Accounts for grants made under the first brief of James II, 1687
The Royal Bounty archive was found in 1932 in the cellar of the French Hospital, when it occupied the Victoria Park building in Hackney. It consists of the papers of the successive French Committees concerned with the distribution of funds given by the Crown for the relief of poor Huguenot refugees and their descendants. The grants started in 1686 with James II and were wound up in 1876. The collection is substantial and is housed in over fifty archive boxes. The history of how the documents arrived at the French Hospital is still unclear. When were they taken there and by whom? Why were they stored and forgotten in the cellar? We might never find the answers to these questions, but you will be able to read more about the history of the archive and its contents in a future post.
This article focuses on the project aimed at digitizing the microfiches of the entire Royal Bounty archive and making them available to the Society's membership. The road was certainly long and we encountered obstacles on the way, but we are all delighted to enable Fellows to see this collection from the comfort of their own home.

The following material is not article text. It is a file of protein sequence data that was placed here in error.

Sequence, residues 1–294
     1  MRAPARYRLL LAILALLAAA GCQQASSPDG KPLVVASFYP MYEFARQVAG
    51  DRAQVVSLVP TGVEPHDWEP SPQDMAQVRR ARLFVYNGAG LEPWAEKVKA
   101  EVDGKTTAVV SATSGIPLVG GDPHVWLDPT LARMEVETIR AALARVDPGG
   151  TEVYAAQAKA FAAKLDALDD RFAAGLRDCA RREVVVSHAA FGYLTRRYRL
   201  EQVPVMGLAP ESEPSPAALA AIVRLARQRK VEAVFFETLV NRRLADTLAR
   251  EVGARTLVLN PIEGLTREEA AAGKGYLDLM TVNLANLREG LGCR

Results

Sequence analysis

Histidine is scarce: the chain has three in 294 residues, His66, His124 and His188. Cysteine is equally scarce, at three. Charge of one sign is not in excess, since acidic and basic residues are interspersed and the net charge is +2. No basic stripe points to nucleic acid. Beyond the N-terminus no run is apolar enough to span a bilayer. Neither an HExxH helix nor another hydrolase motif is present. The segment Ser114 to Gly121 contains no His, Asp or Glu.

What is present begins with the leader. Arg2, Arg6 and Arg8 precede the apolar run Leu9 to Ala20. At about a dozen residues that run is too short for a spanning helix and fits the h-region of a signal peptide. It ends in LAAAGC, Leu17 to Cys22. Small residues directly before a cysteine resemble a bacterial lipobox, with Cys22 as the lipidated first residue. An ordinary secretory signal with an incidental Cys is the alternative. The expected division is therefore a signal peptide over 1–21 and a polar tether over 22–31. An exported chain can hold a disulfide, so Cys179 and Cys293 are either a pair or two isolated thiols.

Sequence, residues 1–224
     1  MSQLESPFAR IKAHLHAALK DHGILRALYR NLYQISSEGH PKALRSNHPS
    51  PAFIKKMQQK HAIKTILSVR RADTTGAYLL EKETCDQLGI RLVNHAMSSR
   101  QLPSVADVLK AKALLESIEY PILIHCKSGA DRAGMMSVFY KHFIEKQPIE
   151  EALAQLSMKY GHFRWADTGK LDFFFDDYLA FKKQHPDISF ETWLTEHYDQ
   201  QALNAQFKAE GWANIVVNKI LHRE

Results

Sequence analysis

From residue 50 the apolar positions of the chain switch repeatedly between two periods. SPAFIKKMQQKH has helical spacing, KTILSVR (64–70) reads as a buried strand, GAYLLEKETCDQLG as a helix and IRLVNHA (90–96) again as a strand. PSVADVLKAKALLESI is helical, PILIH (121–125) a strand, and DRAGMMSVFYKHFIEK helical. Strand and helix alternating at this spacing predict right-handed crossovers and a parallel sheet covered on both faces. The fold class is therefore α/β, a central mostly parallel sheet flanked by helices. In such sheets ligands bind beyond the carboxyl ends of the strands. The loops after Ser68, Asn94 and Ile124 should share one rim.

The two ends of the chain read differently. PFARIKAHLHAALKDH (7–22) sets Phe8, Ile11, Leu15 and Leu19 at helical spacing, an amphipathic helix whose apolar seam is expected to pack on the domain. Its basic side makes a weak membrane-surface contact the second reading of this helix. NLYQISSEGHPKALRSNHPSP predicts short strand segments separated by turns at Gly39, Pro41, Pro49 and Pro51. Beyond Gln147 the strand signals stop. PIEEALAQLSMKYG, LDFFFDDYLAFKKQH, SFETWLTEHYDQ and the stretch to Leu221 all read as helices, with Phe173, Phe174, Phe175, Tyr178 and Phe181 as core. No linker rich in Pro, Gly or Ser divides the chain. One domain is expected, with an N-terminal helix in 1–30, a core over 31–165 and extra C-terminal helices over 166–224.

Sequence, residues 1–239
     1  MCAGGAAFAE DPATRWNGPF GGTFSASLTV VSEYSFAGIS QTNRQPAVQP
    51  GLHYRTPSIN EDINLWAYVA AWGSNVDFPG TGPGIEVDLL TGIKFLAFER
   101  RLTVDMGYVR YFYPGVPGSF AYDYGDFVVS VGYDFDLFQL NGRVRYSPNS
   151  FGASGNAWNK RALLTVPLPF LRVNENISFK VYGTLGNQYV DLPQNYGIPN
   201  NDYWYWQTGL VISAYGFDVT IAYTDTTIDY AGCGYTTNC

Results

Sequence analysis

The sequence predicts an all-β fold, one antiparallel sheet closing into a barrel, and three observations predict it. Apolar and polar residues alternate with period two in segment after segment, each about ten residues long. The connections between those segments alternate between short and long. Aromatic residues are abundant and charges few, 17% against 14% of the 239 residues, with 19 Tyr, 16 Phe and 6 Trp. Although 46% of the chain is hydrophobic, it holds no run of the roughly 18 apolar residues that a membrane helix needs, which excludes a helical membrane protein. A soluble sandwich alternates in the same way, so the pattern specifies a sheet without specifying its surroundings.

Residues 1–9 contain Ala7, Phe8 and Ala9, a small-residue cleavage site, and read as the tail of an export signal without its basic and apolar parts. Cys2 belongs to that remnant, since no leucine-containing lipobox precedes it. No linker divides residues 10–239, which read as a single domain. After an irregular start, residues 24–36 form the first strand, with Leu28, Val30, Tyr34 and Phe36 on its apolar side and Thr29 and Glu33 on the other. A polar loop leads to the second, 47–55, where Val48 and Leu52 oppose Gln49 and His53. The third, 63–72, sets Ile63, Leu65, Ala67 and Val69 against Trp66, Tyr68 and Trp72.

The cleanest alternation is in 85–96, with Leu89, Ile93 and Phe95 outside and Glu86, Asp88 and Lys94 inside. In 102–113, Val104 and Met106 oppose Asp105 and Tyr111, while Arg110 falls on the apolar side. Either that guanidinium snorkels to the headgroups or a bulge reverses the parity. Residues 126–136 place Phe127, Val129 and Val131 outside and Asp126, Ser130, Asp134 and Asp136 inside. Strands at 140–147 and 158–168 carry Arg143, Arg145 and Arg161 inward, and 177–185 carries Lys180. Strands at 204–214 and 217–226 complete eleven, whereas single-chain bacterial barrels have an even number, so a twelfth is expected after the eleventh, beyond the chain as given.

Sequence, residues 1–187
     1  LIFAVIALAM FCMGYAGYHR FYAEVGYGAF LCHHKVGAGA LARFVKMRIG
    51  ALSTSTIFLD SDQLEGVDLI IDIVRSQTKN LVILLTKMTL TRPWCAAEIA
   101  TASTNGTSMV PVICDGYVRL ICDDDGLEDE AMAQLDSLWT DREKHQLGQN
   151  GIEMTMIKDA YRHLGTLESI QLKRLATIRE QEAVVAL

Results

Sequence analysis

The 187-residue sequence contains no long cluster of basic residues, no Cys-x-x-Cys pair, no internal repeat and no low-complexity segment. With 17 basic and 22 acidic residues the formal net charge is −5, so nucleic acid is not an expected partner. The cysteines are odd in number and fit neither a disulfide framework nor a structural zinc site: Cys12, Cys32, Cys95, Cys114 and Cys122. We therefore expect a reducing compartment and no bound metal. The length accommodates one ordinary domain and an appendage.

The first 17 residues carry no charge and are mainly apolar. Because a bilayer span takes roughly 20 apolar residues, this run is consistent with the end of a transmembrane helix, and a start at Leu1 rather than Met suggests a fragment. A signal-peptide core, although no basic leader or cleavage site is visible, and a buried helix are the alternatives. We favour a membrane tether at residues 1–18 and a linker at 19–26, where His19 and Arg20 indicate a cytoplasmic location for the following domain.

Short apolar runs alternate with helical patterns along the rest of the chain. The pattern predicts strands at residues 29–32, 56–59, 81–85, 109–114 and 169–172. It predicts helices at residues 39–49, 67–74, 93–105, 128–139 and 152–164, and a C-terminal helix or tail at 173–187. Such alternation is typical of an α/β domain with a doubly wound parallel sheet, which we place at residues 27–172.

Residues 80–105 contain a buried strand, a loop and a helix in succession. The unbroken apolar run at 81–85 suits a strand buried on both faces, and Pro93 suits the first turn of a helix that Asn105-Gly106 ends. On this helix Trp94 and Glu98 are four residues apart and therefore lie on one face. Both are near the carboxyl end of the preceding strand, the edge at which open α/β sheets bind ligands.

In 2016, University College London approached the Society proposing to digitize some of the microfiches of manuscripts in the archive, with a view to making them available on the University’s Digital Repository. It was agreed that we would run a pilot, using only five Royal Bounty fiches. Unfortunately, it soon became apparent that the University’s equipment was unsuitable for large-scale digitization and could not photograph the microfiches quickly enough nor produce files of good enough quality to make the proposal worthwhile and cost-effective.
Nevertheless, the Library Committee were of the opinion that digitizing the microfiches would be a realistic way of making some archive material available online. It is unfortunately still very expensive to digitize original manuscripts, which tend to come in all shapes and sizes, are either bound or unbound, and often require conservation work prior to being photographed. The fiches were, on the other hand, a cheaper option that was definitely worth pursuing.
The decision to select the Royal Bounty archive was made shortly after receiving UCL’s original proposal. This particular collection was picked for several reasons. First of all, we had microfiche surrogates for all of the manuscripts in it, which is not the case for many of our other collections. It is an archive that has proved to be of interest to both academics and those working on their family history. The period it covers is substantial (1686-1876); therefore again, increasing the number of possible interested users. The nature of the collection, i.e. lists of names, with the corresponding amount received and information on the family members, is well suited to be made into an electronic resource.